30 March, 2012

 

Legal News & Analysis – Asia Pacific – Australia – Construction & Real Estate

 

A recent Federal Court decision is a timely reminder that a court is unlikely to restrain a beneficiary of an unconditional undertaking provided as security under a contract from making a bona fide call on it, except where the contract's words, and the undertaking itself, clearly limit when such a call can be made. 
 
How does it affect you?
 
  • In the absence of clear words to the contrary in the contract's terms, and in the undertaking itself, an unconditional undertaking operates as a risk allocation device as to which party is to be 'out of pocket' pending the resolution of a dispute (rather than only to secure payment in the event of an undisputed claim to damages).
  • A beneficiary of an unconditional undertaking is entitled to make a bona fide call upon the undertaking in respect of a claim for breach of contract, even if the party that provided the undertaking disputes that claim.
  • If the party providing an unconditional undertaking intends for it to be a form of security for default in respect of an undisputed claim to damages only, the contract and undertaking must clearly express this intention.
 
The legal context
 
As a general rule, a beneficiary of an unconditional undertaking is entitled to convert the security into cash, except where they are acting fraudulently, unconscionably, or are in breach of any term of the contract that fetters their right to call on the security.1
 
The facts
 
Redline Contracting Pty Ltd entered into a contract with MCC Mining (Western Australia) Pty Ltd to construct and install three pipelines as part of the Sino Iron Project in Western Australia.
 
Clause 5 of the contract provided:
 
5.1 Provision
Security shall be provided in accordance with Item 13 or 14. All delivered security, other than cash or retention moneys, shall be transferred in escrow.
 
5.2 Recourse
Security shall be subject to recourse by a party who remains unpaid after the time for payment where at least 5 days have elapsed since that party notified the other party of an intention to have recourse.
 
Redline provided security to MCC Mining, under clause 5, by putting up four undertakings to pay unconditionally, up to a prescribed maximum amount, the sum that MCC Mining required.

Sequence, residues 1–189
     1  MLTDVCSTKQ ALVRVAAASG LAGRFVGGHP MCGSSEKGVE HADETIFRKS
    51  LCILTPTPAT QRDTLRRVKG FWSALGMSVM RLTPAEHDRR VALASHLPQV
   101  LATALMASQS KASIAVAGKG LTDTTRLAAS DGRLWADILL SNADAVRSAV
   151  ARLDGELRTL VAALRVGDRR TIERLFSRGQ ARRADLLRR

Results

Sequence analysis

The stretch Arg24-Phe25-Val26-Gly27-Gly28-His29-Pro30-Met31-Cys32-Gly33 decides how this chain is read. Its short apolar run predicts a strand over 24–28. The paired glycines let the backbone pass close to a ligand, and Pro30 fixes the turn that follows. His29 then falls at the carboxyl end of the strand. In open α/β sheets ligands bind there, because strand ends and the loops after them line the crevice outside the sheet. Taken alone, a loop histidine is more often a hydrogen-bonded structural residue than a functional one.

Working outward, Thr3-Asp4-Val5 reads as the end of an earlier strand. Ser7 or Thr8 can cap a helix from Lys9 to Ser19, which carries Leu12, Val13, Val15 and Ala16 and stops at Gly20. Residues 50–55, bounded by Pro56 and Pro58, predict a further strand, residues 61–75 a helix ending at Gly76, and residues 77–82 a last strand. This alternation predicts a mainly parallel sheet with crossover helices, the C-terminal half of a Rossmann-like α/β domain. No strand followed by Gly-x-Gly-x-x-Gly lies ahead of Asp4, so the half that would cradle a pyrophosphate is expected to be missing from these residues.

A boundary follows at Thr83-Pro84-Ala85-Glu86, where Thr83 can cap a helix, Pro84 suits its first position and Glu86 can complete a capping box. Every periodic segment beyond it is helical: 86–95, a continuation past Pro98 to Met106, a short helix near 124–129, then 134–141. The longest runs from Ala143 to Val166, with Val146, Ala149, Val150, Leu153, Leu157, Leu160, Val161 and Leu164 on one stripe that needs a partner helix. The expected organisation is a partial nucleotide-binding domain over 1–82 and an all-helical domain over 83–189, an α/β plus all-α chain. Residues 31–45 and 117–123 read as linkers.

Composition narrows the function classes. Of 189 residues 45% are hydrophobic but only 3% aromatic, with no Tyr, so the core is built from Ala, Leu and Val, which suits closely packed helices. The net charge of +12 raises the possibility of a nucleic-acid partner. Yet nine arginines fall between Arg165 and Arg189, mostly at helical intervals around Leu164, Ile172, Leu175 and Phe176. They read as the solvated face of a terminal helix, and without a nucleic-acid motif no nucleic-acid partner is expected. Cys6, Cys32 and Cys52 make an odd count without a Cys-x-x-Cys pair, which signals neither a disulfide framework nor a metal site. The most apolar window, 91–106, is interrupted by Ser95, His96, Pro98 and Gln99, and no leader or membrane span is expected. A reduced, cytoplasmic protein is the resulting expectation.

A series of disputes arose between Redline and MCC Mining, culminating in the termination of the contract before Redline achieved practical completion of the works.
 
MCC Mining sent Redline notices of intention to call on a portion of the total amount under the undertakings that Redline provided, in relation to a claim for two liquidated sums.
 
The Federal Court dismissed Redline's application for an injunction to restrain MCC Mining from calling upon the unconditional undertakings,2 and those amounts were paid to MCC Mining.
 
MCC Mining subsequently sent Redline a notice of demand stating its intention to have immediate recourse to the full (remaining) amount provided under the undertakings in respect of claims for unliquidated damages it had allegedly suffered due to Redline's alleged breach of the contract, and MCC Mining's termination of the contract pursuant to that alleged breach.
 
Redline applied for an interlocutory injunction, seeking to restrain MCC Mining from calling upon the full amount of the unconditional undertakings.
 
The decision
 
In the Federal Court, Justice Siopis considered whether there was a serious question to be tried by a trial court that:
 
  • clause 5.2 of the contract contained an implied negative stipulation preventing MCC Mining from calling on the undertakings; or